The term laser marking explained in a generic description is used to describe the broad range of surface changes (“the mark”) that can be achieved when the laser energy is applied to the very extensive range of materials used in industry today. The laser process generates visual contrast between the processed element and the background.

Laser marking explained

In the following paragraphs we will explain when, where and how these occur and how you select the best combination for your material requirements.

Surface changes such melting, ablation, foaming, molecular, chemical and colour can occur depending on material selection and laser source used. The process of laser marking relies on the material absorbing laser light, rather than a mechanical type impact, and converting it into thermal energy. This provides many benefits but is also the reason why so many variations of mark types can be achieved.

Laser Marking Explained

In the case of metals the two traditional process results are fairly straight forward. Heating the surface until it reaches vaporisation temperature results in an engraved mark, sometimes referred to as ablation. The depth to which the engraving occurs is dependent on material and parameters used (power, speed and pulse rate). The second method is referred to as Annealing or CW marking. With this process the material never gets to vaporisation temperature so no material is removed. Instead the heating effect causes an oxidation process beneath the material surface creating a permanent dark mark which effectively has depth and so becomes permanent rather than a surface mark. In both cases the process is very fast (energy density) and localised (spot size) so very little, or no, damage is caused to the materials away from the mark area.

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Most plastics, when exposed to laser energy will have a thermochemical reaction. The kind of reaction is dependent on the material and the wavelength of laser used. Material manufacture, surface finish and colour all can play a part in the resulting mark. Some of the more common reactions can be described as melting, foaming and colour change.

When CO2 is used on plastics the most common resulting mark is Melting. The plastic absorbs the energy very quickly resulting in the material melting rather than vaporising. The results tend not to create a contrast to the surface as any residue material simply reflow and return to solid a state.

When fibre or Yag lasers are utilised some plastics will react by generating gas bubbles to the material surface as a direct result of heating from the laser energy.  Referred to as foaming the resulting effect changes the specular reflection values creating a visible contrast.

Colour change can occur in two main ways. Bleaching occurs when the pigment or additive is removed during the marking process. The pigment acts as the absorption barrier reacting to the laser energy at a higher level to the core material. The chemical response is the removal of the pigment. When bleaching occurs the change tends to result in a lighter mark to the original. Because the reaction takes place below the surface the mark suggests no disruption to the surface. In the second process the surface of the polymer is disrupted, by the  transfer of light energy into thermal energy, releasing carbons to the surface, Carbonisation. This is most effective on lighter coloured plastics and organic materials as the process produces contrast levels that can be described as light grey to black.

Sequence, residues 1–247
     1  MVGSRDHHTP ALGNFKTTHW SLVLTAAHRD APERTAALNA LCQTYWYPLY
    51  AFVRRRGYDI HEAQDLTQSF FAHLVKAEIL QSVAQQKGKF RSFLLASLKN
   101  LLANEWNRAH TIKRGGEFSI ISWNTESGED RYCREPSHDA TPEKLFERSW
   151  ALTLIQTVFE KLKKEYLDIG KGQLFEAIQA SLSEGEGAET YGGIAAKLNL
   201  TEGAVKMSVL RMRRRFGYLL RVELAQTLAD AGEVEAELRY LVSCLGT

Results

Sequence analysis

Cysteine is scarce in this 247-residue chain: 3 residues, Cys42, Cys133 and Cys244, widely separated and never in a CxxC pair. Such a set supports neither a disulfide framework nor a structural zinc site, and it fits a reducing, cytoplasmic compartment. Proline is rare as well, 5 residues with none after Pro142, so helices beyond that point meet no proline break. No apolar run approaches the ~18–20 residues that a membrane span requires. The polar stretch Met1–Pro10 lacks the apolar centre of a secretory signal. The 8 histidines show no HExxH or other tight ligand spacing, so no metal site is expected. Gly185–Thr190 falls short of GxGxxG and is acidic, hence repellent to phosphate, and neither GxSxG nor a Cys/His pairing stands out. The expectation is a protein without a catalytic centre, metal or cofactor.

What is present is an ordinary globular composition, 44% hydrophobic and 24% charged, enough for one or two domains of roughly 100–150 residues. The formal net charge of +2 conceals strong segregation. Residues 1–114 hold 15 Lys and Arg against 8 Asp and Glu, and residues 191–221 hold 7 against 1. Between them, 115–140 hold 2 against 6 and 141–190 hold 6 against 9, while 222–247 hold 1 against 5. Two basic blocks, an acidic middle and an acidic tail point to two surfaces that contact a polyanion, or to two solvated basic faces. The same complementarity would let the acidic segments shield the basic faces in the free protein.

Commercially available laser additives are now used in many plastic materials to introduce more effective process parameters. These additives change the energy absorption properties allowing higher levels of contrast to be created, better edge definition along with faster processing speeds.

One further process additive is available. In this instance the additive is applied to the surface rather that included in the master batch. Thermark is a product that is used to enhance marking as well.  The product can be used on metals, ceramics, glass and other hard surfaces, creating a high contrast mark where it may not be achieved without an interim material.  The laser heats the Thermark in order to fuse the material (a ceramic glaze) to the host material surface.  It is the pigments used within the chemical mix (Thermark) that provides the high levels of contrast.  The non-fused material is removed easily with a light washing process is used.

Explain just how flexible laser marking can be for me

Laser marking processes can satisfy almost all permanent marking requirements.  From part identification and traceability, to corporate promotion, the versatility of laser marking has the power to meet your needs.  When you consider that the process does not involve contact or impact onto the component, no chemicals are used and very rarely are additional processes required (drying, curing or bonding) then laser marking ticks all the boxes.

Today most laser marking equipment will be supplied with software that allows you to create and configure all your mark data requirements. Effectively a desk top publishing programme that will contain all the necessary tools to generate data such as alphanumeric characters including sequential marking to tools for the importing of technical images and artwork. A full list of laser and its software capabilities are described further down on this page. Images are also provided for each description.

If you would like further information on this article, or any other laser application, please request a call back or, talk to one of our laser marking specialists by going to our contact page – link below.

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